Coping strategies I think for both of us then changed when we met. We had the chance to meet whilst going through dilator therapy. Its hard enough trying to cope with this rather obscure seeming treatment but when you are a patient that physically can’t have children and are on a maternity floor it all seems rather insensitive. No one knows why you are there and you are wearing your own clothes not a hospital gown. Just a strange situation.

Something we both kind of look back and laugh about now but at the time I think we both tried to block out where we were and were more relieved, through what was a really lonely few days for us both, to have some company and someone who truly understood how we felt and could relate completely to what we were going through. A friendship that has remained for nearly 20 years.

Coping and reaction to different situations I know has been hard for both of us at different times albeit probably for very similar reasons. I found a lot of comfort in seeing a psychologist and attending support group meetings but Mia typically didn’t come to those meetings preferring instead to keep it much more private and to deal with it on her own terms.

Attending support group meetings I know is not for everyone and can of course be a daunting prospect. Yet, at least for me, I have found them to be fantastic and a great way to meet others, share experiences and learn about different things through lectures and invited speakers. The perhaps more laughable thing is that these meetings are funded by the nurses/doctors themselves, they do not (at least did not and to my knowledge this is still the case) receive any NHS support to run these so vital meetings. Women and their families, friends and partners travel from all over the country to attend what is normally a 3 hour meeting in London, just to be part of this community, to meet others, and try to find some support.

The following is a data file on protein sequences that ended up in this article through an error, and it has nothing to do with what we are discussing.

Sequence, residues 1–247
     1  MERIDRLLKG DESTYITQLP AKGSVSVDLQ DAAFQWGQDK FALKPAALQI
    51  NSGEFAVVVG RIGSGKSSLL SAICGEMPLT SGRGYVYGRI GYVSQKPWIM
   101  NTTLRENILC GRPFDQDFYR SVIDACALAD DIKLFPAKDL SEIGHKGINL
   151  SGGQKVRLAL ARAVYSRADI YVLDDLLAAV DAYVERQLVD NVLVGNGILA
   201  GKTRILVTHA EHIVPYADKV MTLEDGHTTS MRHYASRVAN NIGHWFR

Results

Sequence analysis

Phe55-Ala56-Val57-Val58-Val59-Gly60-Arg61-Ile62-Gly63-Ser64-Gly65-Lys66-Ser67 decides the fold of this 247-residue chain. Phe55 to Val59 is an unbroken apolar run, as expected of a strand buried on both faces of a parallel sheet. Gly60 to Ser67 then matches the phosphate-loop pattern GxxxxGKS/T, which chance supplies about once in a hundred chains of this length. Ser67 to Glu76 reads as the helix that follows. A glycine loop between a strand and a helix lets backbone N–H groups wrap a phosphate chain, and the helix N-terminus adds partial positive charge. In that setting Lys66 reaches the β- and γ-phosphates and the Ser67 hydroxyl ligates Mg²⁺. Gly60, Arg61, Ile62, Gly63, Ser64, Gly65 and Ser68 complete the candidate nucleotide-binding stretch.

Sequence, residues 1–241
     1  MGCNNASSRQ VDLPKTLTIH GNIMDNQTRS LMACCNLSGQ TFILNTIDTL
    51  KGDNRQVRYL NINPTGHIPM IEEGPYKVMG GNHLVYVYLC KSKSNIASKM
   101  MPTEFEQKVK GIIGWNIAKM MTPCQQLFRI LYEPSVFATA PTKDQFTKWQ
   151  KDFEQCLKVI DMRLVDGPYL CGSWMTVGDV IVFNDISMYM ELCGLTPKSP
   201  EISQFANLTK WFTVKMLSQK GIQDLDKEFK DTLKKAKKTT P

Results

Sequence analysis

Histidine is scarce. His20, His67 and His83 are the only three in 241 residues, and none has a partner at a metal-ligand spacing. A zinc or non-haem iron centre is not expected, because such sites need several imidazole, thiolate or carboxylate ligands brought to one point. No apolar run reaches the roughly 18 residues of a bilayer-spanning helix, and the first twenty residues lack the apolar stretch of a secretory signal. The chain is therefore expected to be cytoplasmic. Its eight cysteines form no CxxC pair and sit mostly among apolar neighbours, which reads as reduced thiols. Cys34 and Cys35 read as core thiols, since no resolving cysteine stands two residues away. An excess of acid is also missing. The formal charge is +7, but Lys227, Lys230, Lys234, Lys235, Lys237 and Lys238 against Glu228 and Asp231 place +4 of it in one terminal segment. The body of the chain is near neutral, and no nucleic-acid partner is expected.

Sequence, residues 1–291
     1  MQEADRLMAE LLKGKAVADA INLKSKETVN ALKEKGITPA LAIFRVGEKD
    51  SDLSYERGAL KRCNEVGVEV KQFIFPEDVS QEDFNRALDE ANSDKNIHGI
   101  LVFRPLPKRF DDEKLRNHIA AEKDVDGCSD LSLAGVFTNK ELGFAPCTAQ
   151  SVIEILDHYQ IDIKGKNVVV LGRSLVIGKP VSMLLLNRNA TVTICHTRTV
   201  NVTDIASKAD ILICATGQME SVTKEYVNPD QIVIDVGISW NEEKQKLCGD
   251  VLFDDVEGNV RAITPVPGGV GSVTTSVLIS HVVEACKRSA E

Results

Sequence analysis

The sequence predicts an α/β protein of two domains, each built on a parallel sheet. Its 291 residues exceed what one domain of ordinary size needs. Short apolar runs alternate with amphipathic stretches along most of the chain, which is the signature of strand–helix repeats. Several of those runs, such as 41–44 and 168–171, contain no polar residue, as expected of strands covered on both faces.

Coping and the way we deal with things varies. Mia and I are just two people who whilst similar in background and religion have had very different ways to deal with MRKH but both feel we are in a good place. I am certain that widening this study further will only highlight more differences and I suspect of course many similarities too.

There is no one fail safe approach here and sometimes we may have to find several different methods before we find the one that works for us and maybe what worked before just doesn’t now. That’s ok.